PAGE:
Printmaking Art

Printmaking Art

The series was made with the Jovenes Creadores grant from FONCA. It is a representation of the camp and queer in contemporary society where the body plays a fundamental role in the pieces since it is conceptually proposed as a territory that displays other identities. The works also dialogue with Nestor Perlongher's poetry and Raúl Damonte's dramaturgy, authors who explored sexual diversity through literature. The intention of the montage between image and text is to open other reflections on the matter as a constellation -in the Bejaminian sense, as a set of elements put in connection- so that the spectator establishes different connections of images and words.

Women´s Voices

This series problematizes gender-based demands that are made visible in public demonstrations. The texts of the posters carried by the demonstrators represented in these works are transformed into abstract colored forms that invite the reconfiguration of the issues they allude to, opening up the possibility of alternative readings and significations. The images come from the photographic documentation of demonstrations in Mexico City and New York.

The Call of the Image

The artist Marisol Rojas (1986) is interested in the practice of artistic expression in the public space. Her series Voices of Contemporary Women (Voces de mujeres contemporáneas) won a prize in the First Biennial of Small Format Prints from Latin America and the Caribbean, and will be exhibited in countries such as Ecuador, Cuba, and El Salvador after its presentation in Mexico City in an exhibition during the International Congress of Critical Studies of the Image "Mirada en fuga" (Fugitive Gaze), organized by the Universidad Iberoamericana (UIA) in collaboration with other institutions.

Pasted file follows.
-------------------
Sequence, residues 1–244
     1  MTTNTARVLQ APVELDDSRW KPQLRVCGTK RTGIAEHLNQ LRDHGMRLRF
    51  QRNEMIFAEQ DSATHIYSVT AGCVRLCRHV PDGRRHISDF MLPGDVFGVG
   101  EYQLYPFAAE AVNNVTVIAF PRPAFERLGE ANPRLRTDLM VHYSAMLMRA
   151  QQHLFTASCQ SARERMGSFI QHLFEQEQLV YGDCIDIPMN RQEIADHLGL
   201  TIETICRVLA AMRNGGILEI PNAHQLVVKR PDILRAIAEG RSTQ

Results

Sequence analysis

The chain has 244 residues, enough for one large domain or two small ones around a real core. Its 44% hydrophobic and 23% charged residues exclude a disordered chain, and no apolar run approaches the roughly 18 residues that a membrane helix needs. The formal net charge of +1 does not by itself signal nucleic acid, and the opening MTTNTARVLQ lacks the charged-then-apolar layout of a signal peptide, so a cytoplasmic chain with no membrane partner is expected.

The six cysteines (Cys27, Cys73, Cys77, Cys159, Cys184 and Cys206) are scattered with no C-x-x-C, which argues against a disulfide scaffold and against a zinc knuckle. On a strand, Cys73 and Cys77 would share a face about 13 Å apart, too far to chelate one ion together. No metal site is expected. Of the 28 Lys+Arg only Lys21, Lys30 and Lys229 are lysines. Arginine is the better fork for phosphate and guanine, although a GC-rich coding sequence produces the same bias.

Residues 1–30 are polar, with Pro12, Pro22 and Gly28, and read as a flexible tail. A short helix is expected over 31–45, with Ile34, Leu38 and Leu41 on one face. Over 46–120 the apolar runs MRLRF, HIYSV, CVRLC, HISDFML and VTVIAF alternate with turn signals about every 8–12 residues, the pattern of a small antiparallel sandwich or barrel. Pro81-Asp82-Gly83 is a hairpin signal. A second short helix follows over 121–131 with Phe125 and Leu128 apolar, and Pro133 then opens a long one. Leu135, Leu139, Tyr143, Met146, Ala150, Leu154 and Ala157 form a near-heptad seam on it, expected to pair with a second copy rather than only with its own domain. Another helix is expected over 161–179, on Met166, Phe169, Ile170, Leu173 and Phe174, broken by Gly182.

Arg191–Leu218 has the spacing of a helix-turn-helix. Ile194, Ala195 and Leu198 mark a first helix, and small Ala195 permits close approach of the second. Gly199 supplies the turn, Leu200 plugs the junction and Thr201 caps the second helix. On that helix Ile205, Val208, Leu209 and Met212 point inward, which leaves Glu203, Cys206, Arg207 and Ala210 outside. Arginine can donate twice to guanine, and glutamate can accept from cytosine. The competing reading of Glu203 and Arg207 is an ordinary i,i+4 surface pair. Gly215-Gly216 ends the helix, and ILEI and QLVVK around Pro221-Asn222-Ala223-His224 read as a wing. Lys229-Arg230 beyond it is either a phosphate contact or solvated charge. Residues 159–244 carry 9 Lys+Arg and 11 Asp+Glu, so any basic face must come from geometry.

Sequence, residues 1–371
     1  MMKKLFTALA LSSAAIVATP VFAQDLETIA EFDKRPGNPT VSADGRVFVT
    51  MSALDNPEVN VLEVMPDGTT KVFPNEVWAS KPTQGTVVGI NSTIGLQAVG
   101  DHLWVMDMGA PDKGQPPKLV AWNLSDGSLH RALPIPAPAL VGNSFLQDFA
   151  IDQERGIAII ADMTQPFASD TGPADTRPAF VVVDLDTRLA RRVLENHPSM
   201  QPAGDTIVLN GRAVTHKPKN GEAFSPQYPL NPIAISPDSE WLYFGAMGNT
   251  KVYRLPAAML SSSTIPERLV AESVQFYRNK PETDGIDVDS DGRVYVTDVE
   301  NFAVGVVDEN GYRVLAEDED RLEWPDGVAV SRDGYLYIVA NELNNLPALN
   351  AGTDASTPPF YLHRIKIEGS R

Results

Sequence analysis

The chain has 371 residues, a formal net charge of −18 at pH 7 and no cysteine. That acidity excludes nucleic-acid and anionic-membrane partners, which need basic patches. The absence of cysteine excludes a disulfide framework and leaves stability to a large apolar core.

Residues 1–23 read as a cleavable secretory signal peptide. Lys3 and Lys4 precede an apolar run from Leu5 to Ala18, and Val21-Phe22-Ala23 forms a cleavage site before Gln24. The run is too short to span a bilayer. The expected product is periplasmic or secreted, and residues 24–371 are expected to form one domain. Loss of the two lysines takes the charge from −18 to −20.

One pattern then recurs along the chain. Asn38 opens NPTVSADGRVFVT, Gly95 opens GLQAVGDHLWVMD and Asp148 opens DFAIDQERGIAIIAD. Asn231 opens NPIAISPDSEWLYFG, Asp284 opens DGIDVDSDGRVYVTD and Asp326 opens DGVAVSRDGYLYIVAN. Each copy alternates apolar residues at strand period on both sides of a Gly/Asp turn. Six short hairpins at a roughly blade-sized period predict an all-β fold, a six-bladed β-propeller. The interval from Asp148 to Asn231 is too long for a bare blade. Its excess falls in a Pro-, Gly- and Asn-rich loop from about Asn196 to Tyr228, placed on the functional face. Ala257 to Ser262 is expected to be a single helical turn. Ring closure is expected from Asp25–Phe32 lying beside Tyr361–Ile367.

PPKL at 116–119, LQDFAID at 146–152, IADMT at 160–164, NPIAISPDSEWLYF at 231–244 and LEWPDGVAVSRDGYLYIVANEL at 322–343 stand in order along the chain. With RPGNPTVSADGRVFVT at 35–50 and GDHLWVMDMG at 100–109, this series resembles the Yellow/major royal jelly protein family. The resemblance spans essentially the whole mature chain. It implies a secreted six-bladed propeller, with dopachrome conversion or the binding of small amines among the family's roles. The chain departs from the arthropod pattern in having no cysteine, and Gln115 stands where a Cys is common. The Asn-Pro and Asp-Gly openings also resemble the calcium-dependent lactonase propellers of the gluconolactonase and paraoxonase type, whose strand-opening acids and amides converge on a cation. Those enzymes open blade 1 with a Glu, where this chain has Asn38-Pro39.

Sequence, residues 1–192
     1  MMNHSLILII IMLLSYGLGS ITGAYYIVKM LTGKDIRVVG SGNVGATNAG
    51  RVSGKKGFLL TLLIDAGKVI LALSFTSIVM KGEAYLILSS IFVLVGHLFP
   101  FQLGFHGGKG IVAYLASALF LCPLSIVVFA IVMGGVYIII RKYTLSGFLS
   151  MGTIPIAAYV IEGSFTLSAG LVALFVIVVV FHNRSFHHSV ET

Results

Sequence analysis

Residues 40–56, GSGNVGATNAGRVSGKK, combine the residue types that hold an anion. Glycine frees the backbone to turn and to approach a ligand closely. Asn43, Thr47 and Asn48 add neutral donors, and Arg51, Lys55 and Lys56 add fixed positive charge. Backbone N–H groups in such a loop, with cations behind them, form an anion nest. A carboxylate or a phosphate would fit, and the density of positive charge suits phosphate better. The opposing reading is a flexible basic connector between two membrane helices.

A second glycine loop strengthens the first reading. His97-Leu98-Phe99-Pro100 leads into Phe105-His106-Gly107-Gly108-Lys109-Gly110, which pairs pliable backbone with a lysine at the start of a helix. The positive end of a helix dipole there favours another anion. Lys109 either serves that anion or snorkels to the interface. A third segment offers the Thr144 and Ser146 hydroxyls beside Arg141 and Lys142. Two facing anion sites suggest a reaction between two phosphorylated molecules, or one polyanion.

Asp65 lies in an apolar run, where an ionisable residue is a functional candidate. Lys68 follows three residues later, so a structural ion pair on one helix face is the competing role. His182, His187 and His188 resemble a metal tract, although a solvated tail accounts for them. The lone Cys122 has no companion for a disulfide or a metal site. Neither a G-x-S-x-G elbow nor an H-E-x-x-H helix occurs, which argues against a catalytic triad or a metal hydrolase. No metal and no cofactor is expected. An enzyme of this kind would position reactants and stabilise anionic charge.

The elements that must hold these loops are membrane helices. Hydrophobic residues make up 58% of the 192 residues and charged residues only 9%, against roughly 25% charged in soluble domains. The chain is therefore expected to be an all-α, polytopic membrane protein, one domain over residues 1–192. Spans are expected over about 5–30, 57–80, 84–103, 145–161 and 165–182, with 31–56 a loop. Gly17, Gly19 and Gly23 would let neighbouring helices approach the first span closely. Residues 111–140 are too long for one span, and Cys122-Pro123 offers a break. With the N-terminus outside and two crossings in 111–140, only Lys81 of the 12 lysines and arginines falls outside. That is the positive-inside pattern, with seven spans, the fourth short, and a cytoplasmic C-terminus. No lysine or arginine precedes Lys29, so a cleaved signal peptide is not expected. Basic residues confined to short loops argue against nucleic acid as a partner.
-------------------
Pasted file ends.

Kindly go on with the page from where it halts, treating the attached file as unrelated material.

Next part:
This series of lithographic pieces printed in two colors on cotton paper, is based on photographs that the artist takes in demonstrations and that she manipulates in a dual fashion: in their transposition from one medium to another, and through the blocking out of the original wording—taken from posters and banners--so as to make possible the emergence of other potential occupations of those empty spaces. Thus, the works not only revindicate the act of public protest, but also transcend it by way of the gaze, the gaze that "re-multiplies" the act of protest through the process of graphic creation and "re-enables" it in relation to its communicative value by propitiating -artistically- a voice that renews it. The works confront us through this critical procedure in order to effect an actualization of history. They are vehicles that involve us as subjects in the activation of symbolic narratives positioned in social space, by simulating the field of protest and inviting new pronouncements, or perhaps the same ones, or perhaps none. As the artist indicates, “the idea is to create an infinite space for reflection that can be all or nothing.”

When the spectator is faced with the absence of words, the artist offers an opportunity, that is both paradoxical and controversial, between the distrust of that which has already been said and that which is still unspoken (between the third person who has already written and the "I" who expresses him or herself). The tenses are implicit, suspended between concealment and pronouncement, like figures put on hold. This is a provocative, active, participatory exhibition that will embody new proposals and transformations in different contexts.

Given the author’s interest in contemporary issues such as xenophobia, gender, and immigration, these works focus their attention on a particular aspect of these topics, on the figure of women in circumstances of public protest, in order to highlight their role and their dilemmas within the broader picture. On an amply proportioned canvas, the public is invited to intervene with permanent black markers, which will result in the creation of a new document in the course of the exhibition. The potential of both word and image to incite mobilization is explored simultaneously, as—in their removal from reality—they transcend it. For the image “is something very different from a simple fragment of the visible aspect of the world,” as G. Didi-Huberman has said, “... it is a trace, a furrow ... that cannot, as a vehicle of memory, leave us untouched.” It is a call, a summons.

Yolanda Wood. Mexico City, September 2018